Hello,
Could you please help me better understand the Quantum numbers?:
I got confused after trying to come up with my own example. Let's say principal quantum number n=4 (which is also the same as the 4th period). Looking at Ca and Cr, the Ca doesn't have d suborbital whereas Cr does. If azimuthal quantum number l=n1 holds true, then will both Ca and Cr be l=3? I thought l=means the atom contains f suborbital.
To summarize my confusion,
1. I am confused about how n can be the same for both Cr and Ca when they don't have the same subgroups.
2. what am I missing with atoms in period 4 (n=4), why is l=3 when they don't have f suborbital.
Please clarify. I appreciate your help in advance!
Quantum numbers

 Posts: 616
 Joined: Sat Mar 30, 2019 8:39 pm
Re: Quantum numbers
So I think the biggest point of confusion for you is that quantum numbers don't describe elements. They describe electrons: Every electron can be described by 4 quantum numbers.
So calcium for instances has
2 electrons at n = 1
8 electrons at n = 2
8 electrons at n = 3
2 electrons at n = 4
And those last two electrons happen to be at l = 0 and ml 0. One will have a spin (ms) of 1/2 the other +1/2. But at the 3n energy level, we can find both two l = 0 (3s) and six l = 1 electrons (3p) (still no l = 2, since that would be 3d, which is not filled).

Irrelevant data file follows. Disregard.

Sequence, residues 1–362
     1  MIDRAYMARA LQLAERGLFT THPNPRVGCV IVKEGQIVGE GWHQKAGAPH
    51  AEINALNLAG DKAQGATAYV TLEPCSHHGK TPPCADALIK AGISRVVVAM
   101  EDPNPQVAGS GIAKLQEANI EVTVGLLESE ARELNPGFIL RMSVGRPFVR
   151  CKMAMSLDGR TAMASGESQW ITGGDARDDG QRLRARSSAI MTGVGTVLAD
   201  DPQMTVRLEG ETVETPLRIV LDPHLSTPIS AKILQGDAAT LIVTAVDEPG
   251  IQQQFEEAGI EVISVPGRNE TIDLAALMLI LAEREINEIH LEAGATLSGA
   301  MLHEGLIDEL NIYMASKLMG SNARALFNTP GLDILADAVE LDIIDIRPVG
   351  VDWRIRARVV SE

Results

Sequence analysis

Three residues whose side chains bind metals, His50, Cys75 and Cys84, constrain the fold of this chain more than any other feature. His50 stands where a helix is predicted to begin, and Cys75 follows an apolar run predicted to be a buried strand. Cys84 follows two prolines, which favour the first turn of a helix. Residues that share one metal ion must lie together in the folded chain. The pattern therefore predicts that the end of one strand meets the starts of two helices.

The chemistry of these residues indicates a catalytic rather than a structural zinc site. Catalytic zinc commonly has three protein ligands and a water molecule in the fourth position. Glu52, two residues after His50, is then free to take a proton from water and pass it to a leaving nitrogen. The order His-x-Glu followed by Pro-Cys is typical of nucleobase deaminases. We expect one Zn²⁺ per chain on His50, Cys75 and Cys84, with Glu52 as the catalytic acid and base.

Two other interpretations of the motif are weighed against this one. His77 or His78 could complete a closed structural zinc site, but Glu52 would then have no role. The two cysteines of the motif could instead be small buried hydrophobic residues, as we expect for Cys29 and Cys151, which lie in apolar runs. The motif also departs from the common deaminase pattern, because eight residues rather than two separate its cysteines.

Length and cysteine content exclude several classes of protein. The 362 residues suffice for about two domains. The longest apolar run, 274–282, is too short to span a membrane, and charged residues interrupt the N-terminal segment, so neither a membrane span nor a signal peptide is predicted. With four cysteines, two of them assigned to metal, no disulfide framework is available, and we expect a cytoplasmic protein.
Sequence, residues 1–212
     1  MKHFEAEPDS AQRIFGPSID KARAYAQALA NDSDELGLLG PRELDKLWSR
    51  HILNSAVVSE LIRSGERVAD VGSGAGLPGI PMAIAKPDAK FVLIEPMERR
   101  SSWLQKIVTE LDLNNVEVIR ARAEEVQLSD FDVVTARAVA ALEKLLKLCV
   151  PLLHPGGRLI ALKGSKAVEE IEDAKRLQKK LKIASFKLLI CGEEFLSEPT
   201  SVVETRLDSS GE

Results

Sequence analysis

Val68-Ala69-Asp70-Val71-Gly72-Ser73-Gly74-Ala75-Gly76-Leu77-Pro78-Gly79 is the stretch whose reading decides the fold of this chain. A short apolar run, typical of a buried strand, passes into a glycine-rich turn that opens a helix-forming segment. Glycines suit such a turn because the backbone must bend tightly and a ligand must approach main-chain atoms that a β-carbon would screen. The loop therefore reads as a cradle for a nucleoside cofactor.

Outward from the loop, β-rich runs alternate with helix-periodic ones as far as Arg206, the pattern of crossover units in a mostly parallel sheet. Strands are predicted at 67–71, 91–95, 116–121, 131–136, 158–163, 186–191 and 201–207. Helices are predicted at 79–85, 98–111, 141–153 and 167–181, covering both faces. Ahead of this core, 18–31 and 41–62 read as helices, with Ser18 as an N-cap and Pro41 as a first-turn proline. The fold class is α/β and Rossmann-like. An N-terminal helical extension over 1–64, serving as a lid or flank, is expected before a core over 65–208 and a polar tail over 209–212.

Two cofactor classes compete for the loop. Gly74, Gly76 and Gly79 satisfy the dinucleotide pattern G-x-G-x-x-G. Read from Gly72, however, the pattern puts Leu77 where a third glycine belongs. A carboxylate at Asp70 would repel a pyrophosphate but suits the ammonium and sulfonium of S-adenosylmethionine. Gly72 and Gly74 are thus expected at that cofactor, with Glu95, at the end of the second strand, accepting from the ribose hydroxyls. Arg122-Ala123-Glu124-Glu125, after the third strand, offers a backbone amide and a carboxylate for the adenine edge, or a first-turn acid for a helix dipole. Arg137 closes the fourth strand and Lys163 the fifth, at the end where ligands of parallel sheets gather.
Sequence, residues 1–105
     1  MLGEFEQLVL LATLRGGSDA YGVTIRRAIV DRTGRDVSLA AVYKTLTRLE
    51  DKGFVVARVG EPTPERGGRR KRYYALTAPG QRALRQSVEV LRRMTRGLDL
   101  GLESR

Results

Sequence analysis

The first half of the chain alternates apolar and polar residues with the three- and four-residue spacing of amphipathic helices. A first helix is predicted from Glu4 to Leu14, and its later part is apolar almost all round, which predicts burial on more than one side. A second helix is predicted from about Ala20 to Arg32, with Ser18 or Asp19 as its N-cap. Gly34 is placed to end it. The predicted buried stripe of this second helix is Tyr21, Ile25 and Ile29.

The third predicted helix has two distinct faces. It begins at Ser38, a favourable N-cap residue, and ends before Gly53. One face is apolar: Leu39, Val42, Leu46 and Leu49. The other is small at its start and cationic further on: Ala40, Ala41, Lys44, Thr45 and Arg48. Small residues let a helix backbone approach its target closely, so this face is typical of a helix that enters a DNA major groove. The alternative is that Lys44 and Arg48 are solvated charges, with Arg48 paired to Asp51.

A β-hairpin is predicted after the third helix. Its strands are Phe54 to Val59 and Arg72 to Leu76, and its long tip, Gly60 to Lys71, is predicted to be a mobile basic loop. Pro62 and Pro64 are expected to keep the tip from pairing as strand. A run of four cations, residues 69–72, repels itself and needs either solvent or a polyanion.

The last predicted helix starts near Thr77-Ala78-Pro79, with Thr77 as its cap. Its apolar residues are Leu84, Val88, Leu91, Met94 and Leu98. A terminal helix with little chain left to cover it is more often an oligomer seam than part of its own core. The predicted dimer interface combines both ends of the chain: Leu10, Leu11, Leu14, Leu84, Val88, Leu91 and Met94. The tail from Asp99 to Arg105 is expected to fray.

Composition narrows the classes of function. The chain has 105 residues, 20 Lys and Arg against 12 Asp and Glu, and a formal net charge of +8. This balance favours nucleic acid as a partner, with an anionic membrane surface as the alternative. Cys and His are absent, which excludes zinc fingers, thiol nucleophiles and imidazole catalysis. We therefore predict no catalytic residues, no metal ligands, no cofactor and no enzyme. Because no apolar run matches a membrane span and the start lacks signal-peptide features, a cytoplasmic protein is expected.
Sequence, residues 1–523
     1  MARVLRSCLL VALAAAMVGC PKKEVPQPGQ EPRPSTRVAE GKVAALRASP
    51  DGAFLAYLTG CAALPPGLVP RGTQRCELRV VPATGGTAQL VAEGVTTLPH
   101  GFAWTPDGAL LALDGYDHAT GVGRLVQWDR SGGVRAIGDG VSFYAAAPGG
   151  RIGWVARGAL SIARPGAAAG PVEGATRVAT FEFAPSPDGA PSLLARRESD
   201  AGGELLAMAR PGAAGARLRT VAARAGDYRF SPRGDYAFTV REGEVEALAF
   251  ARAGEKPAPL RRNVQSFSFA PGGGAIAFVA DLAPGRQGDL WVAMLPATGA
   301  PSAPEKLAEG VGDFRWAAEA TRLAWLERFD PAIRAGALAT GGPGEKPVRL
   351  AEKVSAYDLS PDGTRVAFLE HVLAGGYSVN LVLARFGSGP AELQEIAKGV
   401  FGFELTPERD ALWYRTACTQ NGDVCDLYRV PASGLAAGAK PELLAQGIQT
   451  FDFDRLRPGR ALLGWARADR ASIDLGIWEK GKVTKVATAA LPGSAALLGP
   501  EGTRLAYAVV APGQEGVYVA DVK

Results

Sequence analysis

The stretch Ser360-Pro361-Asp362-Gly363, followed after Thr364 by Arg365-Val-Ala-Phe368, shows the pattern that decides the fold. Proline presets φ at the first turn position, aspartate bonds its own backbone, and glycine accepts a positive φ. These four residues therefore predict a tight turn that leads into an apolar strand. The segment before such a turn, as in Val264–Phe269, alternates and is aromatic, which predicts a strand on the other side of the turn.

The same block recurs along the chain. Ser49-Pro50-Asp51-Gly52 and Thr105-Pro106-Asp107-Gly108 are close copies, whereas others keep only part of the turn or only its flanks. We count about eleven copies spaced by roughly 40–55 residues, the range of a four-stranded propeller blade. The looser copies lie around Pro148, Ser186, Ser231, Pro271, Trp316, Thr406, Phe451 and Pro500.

So to recap: Every single electron can, individually, be described by a set of 4 quantum numbers.
Edit:
As an exercise, determine the 4 quantum numbers for the only electron in the valence shell of elemental potassium. Then as a challenge, determine the 4 quantum numbers for every electron in the valence shell of elemental carbon.
So calcium for instances has
2 electrons at n = 1
8 electrons at n = 2
8 electrons at n = 3
2 electrons at n = 4
And those last two electrons happen to be at l = 0 and ml 0. One will have a spin (ms) of 1/2 the other +1/2. But at the 3n energy level, we can find both two l = 0 (3s) and six l = 1 electrons (3p) (still no l = 2, since that would be 3d, which is not filled).
So to recap: Every single electron can, individually, be described by a set of 4 quantum numbers.
Edit:
As an exercise, determine the 4 quantum numbers for the only electron in the valence shell of elemental potassium. Then as a challenge, determine the 4 quantum numbers for every electron in the valence shell of elemental carbon.